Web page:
Predicted soil organic carbon stocks and changes in Kenya between 1990 and 2030
Kamoni, P. T., Gicheru, P. T., Wokabi, S. M., Easter, M., Milne, E., Coleman, K., Falloon, P. and Paustian, K. (2007) Predicted soil organic carbon stocks and changes in Kenya between 1990 and 2030. Agriculture Ecosystems & Environment, 122 (1). pp. 105-113. ISSN 0167-8809
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To link to this article DOI: 10.1016/j.agee.2007.01.024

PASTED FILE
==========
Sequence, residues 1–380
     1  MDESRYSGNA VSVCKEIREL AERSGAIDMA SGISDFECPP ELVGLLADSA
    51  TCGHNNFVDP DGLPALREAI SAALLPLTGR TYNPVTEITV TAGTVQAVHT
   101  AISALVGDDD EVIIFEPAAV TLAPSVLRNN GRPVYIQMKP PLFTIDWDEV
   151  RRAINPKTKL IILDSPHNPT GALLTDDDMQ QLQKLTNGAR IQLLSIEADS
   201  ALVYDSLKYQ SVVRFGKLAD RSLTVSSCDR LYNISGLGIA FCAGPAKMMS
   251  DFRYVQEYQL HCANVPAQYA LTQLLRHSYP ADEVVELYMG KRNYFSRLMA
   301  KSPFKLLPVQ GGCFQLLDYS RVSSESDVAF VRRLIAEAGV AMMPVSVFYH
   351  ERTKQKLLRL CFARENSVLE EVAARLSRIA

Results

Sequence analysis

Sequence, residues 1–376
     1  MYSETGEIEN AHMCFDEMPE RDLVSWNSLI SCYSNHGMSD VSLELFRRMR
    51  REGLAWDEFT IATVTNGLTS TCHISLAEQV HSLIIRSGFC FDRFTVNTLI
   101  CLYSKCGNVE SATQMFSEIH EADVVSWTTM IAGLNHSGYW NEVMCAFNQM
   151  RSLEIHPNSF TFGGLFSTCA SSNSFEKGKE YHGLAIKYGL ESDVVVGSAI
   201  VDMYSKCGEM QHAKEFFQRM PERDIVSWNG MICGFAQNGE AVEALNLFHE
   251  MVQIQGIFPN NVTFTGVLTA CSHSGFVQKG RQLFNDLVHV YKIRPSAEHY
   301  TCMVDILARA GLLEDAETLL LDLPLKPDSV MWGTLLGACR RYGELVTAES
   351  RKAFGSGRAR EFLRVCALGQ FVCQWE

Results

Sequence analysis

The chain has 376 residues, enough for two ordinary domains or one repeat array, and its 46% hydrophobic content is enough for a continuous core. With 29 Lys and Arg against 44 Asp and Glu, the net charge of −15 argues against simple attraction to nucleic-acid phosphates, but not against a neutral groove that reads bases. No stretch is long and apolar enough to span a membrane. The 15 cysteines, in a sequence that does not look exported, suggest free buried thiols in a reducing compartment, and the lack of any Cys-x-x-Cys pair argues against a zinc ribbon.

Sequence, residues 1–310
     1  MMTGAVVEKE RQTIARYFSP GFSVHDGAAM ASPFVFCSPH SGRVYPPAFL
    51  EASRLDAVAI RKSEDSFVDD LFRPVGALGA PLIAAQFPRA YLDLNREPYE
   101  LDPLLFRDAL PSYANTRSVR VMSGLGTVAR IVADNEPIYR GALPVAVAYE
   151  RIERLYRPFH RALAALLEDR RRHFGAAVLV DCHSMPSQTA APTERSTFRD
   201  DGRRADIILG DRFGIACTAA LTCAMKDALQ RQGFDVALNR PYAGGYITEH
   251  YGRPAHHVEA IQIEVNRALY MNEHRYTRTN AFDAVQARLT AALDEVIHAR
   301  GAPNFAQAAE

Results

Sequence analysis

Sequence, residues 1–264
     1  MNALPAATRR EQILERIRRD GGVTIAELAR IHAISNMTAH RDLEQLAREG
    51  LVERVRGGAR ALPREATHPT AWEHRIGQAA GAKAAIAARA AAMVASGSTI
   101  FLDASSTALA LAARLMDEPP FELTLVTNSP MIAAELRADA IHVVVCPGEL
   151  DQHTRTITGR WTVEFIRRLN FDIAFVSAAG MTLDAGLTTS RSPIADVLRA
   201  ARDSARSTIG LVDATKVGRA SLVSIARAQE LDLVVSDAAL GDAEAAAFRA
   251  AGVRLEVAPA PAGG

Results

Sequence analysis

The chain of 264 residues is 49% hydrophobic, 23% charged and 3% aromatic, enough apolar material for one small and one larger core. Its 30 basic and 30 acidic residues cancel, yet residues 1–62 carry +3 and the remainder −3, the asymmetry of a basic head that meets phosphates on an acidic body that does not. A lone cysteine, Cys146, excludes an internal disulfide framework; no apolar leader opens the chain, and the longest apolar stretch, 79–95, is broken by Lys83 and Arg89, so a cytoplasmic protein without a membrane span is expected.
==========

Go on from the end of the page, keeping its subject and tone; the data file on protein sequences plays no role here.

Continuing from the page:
Under the United Nations Framework Convention on Climate Change (UNFCCC), Non-Annex 1 countries such as Kenya are obliged to report green house gas (GHG) emissions from all sources where possible, including those from soils as a result of changes in land use or land management. At present, the convention encourages countries to estimate emissions using the most advanced methods possible, given the country circumstances and resources. Estimates of soil organic carbon (SOC) stocks and changes were made for Kenya using the Global Environment Facility Soil Organic Carbon (GEFSOC) Modelling System. The tool conducts analysis using three methods: (1) the Century general ecosystem model; (2) the RothC soil C decomposition model; and (3) the Intergovernmental Panel on Climate Change (IPCC) method for assessing soil C at regional scales. The required datasets included: land use history, monthly mean precipitation, monthly mean minimum and maximum temperatures for all the agro-climatic zones of Kenya and historical vegetation cover. Soil C stocks of 1.4-2.0 Pg (0-20 cm), compared well with a Soil and Terrain (SOTER) based approach that estimated similar to .8-2.0 Pg (0-30 cm). In 1990 48% of the country had SOC stocks of < 18 t C ha(-1) and 20% of the country had SOC stocks of 18-30 t C ha(-1), whereas in 2000 56% of the country had SOC stocks of < 18 t C ha(-1) and 31% of the country had SOC stocks of 18-30 t C ha(-1). Conversion of natural vegetation to annual crops led to the greatest soil C losses. Simulations suggest that soil C losses remain substantial throughout the modelling period of 1990-2030. All three methods involved in the GEFSOC System estimated that there would be a net loss of soil C between 2000 and 2030 in Kenya. The decline was more marked with RothC than with Century or the IPCC method. In non-hydric soils the SOC change rates were more pronounced in high sandy soils compared to high clay soils in most land use systems. (C) 2007 Elsevier B.V. All rights reserved.